August 04, 2021
Leaving the Pandemic Better Than Before
Originally in the June BPD and Merchant Magazines.
By Carl Lamb, Shareholder/Vice President Eastern Operations, Snavely Forest Products
When the COVID-19 pandemic blew up, we at Snavely Forest Products knew that sitting passively by in hopes the crisis would work itself out wasn’t a realistic solution. Hope is not a plan! With that in mind, our company began making decisions and operating from two distinct, but parallel mindsets. First, we looked at the outbreak through the lens of what steps did we need to take immediately to address the circumstances at hand. And, second, we envisioned what kind of company we wanted to be as we emerged on the other side of this calamity.
Over-Communication Early On
We sprang into action at once, assembling a COVID team whose purpose it was to ensure that Snavely—which has locations throughout the United States—remained in compliance with local, state, and federal pandemic requirements. Just as importantly, we recognized the need to educate our employees. Although we quickly reduced office occupancy in the branches to 10% or less of staff, as a distribution business our front-line workers also include material handlers and drivers who don’t have the option of working remotely. Product has to get onto the trucks, and the drivers have to deliver to our customers. The workers showing up every day on site to handle these key tasks are the heroes of our organization, and we owed it to them to make sure they were safer here than anywhere else.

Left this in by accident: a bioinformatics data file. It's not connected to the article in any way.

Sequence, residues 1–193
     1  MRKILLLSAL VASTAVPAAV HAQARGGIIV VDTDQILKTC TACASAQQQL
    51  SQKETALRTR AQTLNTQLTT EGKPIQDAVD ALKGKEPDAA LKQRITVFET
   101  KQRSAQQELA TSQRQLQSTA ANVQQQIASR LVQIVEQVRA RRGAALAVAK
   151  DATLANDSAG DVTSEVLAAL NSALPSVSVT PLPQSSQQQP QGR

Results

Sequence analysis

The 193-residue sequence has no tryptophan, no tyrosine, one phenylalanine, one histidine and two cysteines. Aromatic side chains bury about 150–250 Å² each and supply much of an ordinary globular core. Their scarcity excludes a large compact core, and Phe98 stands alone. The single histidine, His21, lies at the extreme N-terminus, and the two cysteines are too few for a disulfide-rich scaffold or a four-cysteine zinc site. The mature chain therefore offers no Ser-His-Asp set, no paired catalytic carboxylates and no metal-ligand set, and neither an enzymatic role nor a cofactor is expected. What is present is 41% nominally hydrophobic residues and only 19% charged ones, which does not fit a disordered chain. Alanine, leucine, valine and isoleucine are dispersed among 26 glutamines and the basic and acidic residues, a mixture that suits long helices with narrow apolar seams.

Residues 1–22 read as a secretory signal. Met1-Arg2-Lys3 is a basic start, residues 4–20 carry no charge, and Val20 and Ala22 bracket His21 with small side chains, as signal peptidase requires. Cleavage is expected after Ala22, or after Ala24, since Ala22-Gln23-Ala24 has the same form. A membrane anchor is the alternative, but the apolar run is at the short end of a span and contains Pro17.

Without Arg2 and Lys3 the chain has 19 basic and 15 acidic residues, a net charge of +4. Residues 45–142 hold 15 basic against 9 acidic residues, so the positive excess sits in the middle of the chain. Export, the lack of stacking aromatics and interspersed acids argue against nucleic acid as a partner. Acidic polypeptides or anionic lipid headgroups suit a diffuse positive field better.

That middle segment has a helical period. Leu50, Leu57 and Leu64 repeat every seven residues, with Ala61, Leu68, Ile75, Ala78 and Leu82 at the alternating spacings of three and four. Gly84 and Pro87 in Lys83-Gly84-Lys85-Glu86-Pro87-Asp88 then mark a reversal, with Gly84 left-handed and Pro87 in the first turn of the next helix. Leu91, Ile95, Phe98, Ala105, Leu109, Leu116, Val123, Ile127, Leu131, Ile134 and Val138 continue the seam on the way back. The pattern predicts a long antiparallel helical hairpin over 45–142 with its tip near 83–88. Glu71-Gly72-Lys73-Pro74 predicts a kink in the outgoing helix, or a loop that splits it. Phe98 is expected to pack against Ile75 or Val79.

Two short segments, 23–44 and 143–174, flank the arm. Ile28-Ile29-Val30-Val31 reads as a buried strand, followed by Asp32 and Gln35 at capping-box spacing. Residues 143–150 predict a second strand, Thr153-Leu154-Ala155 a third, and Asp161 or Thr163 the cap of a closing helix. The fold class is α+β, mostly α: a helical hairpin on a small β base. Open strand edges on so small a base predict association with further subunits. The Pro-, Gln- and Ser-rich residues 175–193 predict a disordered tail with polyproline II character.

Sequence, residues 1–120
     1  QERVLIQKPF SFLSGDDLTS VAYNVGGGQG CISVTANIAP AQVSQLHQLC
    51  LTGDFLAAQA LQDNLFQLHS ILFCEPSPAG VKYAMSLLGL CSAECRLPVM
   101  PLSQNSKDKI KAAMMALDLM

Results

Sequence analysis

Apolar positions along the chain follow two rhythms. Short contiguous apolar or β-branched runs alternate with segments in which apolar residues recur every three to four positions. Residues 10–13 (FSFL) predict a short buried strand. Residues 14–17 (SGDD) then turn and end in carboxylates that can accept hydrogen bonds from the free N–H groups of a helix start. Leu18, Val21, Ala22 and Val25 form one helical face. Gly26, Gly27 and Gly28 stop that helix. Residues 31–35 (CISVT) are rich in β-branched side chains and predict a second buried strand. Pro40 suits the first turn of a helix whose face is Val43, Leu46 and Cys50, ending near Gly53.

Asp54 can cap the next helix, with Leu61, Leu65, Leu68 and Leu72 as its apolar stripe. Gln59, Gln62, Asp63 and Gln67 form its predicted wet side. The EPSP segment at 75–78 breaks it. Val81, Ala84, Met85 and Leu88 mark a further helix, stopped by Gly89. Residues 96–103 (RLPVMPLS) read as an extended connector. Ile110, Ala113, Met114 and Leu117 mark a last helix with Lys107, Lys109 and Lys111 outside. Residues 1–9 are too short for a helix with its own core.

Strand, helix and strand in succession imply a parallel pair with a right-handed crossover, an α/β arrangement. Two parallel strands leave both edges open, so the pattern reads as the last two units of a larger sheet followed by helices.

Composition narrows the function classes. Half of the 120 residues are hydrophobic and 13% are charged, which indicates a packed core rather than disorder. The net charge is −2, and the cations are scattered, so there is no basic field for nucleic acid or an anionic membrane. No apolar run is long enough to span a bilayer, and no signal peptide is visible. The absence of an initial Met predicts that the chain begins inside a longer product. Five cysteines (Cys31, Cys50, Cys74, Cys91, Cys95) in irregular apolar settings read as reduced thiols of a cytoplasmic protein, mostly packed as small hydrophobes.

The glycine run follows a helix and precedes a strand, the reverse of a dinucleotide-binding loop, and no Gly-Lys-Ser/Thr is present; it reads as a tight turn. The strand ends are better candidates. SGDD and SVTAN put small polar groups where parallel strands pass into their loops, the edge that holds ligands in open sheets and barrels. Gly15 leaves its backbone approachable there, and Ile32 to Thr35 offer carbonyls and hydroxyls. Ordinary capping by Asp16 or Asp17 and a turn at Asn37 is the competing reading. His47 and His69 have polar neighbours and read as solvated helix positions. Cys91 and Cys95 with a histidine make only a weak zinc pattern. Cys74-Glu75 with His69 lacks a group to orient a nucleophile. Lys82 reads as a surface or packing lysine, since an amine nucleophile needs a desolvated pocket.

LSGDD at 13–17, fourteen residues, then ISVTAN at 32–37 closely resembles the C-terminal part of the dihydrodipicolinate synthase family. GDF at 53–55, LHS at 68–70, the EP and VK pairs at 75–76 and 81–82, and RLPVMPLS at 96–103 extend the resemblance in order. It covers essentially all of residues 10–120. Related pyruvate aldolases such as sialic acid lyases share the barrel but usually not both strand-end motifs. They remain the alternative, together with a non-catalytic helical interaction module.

Not only that, we knew it was important to keep them in the loop as to what Snavely was doing to achieve that goal—what protocols were being put into place, and why. Even today, when the world has largely settled into its “new normal,” our COO provides a quarterly update on what’s going on and what’s been done in response. But our overarching goal at the onset of the pandemic was to communicate, even over-communicate, to our people. Because of the CDC-recommended procedures and processes implemented, and because of all the internal discussion surrounding those actions, we got to a point very quickly where the fear of the unknown started to die down. And that was good. With a workforce that was reassured of their safety on the job, we were free to focus on business even as we stayed on top of all of the requirements.
Improving for the Future
At the same time that one team—consisting of our director of safety, some executive leadership, materials handlers, and operations managers—worked diligently on safety and compliance, we had another that was dedicated to mapping out Snavely’s exit from the crisis. What do we look like coming out of the pandemic? What do we want to look like coming out of the pandemic? How can we improve?
Technological enhancements surfaced as a huge part of the answer to those questions, as we tried to figure out how to make our sales and marketing team more effective while working remote. One of the most impactful improvements was the adoption of an adaptive phone system. It rings right through users’ computers at home as though they’re sitting at their desk in the office. In addition, video chats on Teams and Zoom also made a lot of tasks very easy, allowing us to be face-to-face with our shareholders, customers, and vendors.